11. Two-Dimensional Self-Assembly of a Porphyrin–Polypyridyl Ruthenium(II) Hybrid on HOPG Surface through Metal–Ligand Interactions (pages 1951–1955)

      Aimei Gao, Xinrui Miao, Jie Liu, Ping Zhao, Jinwang Huang and Wenli Deng

      Article first published online: 16 APR 2010 | DOI: 10.1002/cphc.200900968

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      Self-assembly: The π–π interaction and metal–ligand interaction allow (C8ip)TPPC molecules to form self-assembled structures and have an edge-on orientation on the HOPG surface. The multidentate structure acts as linkers between the molecules and form metal–ligand coordination, which forces the assembly process in the direction of stable columnar arrays (see figure).

    12. Nanowires Formed by the Co-Assembly of a Negatively Charged Low-Molecular Weight Gelator and a Zwitterionic Polythiophene (pages 1956–1960)

      Feng Li, Ganesan Palaniswamy, Menno R. de Jong, Andreas Åslund, Peter Konradsson, Antonius T. M. Marcelis, Ernst J. R. Sudhölter, Martien A. Cohen Stuart and Frans A. M. Leermakers

      Article first published online: 7 APR 2010 | DOI: 10.1002/cphc.200900946

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      Micrometer sized linear aggregates form by combining molecular solutions of a polythiophene (PTT) and a low-molecular weight gelator (see figure). The fibers can easily be observed as the PTTs are fluorescent. Potential applications may arise also from the conducting properties of the PTT.

    13. Interplay of Magnetic Exchange Interactions and Ni[BOND]S[BOND]Ni Bond Angles in Polynuclear Nickel(II) Complexes (pages 1961–1970)

      Yulia Krupskaya, Alexey Alfonsov, Anupama Parameswaran, Vladislav Kataev, Rüdiger Klingeler, Gunther Steinfeld, Norman Beyer, Mathias Gressenbuch, Berthold Kersting and Bernd Büchner

      Article first published online: 20 APR 2010 | DOI: 10.1002/cphc.200900935

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      The cationic complexes [NiII2L1(μ-OAc)⋅I2][I5] and [NiII3L(OAc)2](BPh4)2 with obtuse Ni[BOND]S[BOND]Ni bond angles are synthesized. The magnetic exchange and the anisotropy sensitively depend on the Ni[BOND]S[BOND]Ni bond angle, yielding in particular in the Ni2-complex a high spin magnetic ground state and a negative “easy” axis anisotropy.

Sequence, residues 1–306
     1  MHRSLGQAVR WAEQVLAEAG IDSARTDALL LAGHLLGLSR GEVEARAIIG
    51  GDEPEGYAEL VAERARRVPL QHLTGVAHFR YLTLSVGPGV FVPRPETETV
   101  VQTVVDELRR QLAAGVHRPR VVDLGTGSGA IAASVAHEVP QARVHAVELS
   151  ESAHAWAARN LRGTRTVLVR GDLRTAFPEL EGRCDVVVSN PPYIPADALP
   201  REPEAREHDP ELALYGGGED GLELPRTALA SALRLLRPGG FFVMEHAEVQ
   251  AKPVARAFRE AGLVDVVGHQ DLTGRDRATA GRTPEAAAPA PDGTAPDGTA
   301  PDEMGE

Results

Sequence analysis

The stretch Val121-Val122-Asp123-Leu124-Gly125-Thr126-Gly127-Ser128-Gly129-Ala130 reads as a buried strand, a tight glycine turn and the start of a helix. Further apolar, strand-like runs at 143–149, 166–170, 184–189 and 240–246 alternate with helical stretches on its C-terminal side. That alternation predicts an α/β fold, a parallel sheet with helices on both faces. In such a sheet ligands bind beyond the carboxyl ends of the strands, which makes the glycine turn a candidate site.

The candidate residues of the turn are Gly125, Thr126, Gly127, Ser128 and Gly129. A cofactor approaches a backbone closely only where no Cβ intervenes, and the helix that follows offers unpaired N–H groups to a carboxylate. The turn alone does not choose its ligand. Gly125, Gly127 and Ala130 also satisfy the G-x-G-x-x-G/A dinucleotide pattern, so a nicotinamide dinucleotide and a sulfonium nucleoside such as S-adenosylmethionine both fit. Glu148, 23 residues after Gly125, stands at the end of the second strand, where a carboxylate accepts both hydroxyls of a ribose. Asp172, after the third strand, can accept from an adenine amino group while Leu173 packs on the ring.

14. Gold Nanoelectrode Arrays and their Evaluation by Impedance Spectroscopy and Cyclic Voltammetry (pages 1971–1977)

      David Lantiat, Vincent Vivier, Christel Laberty-Robert, David Grosso and Clément Sanchez

      Article first published online: 28 MAY 2010 | DOI: 10.1002/cphc.200900929

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      Highly regular Au nanoelectrode arrays (NEAs) consisting of a nanoperforated ultrathin membrane of ZrO2 with a well-ordered array of pores on a polycrystalline gold surface are fabricated. Modeling of the impedance diagrams (see picture) allows 3D reconstruction of the surface of the NEA, which provides an accurate representation of the surface as well as the diffusion and coupling phenomena between different nanoelectrodes.

    15. Kinetics of Substituted Silylene Addition and Elimination in Silicon Nanocluster Growth Captured by Group Additivity (pages 1978–1994)

      Andrew J. Adamczyk, Marie-Françoise Reyniers, Guy B. Marin and Linda J. Broadbelt

      Article first published online: 14 JUN 2010 | DOI: 10.1002/cphc.200900836

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      Growing pains: Accurate rate coefficients for 40 bimolecular substituted silylene addition reactions of silicon hydrides (see figure) containing up to nine silicon atoms are calculated using G3//B3LYP, statistical thermodynamics, and transition-state theory. A group additivity scheme is used to predict rate coefficients, where the number and type of substituents on the reactive center for a substituted silylene addition and elimination are sufficient to allow accurate kinetic parameter estimation.

    16. Silver Coated Platinum Core–Shell Nanostructures on Etched Si Nanowires: Atomic Layer Deposition (ALD) Processing and Application in SERS (pages 1995–2000)

      Vladimir A. Sivakov, Katja Höflich, Michael Becker, Andreas Berger, Thomas Stelzner, Kai-Erik Elers, Viljami Pore, Mikko Ritala and Silke H. Christiansen

      Article first published online: 5 MAY 2010 | DOI: 10.1002/cphc.201000115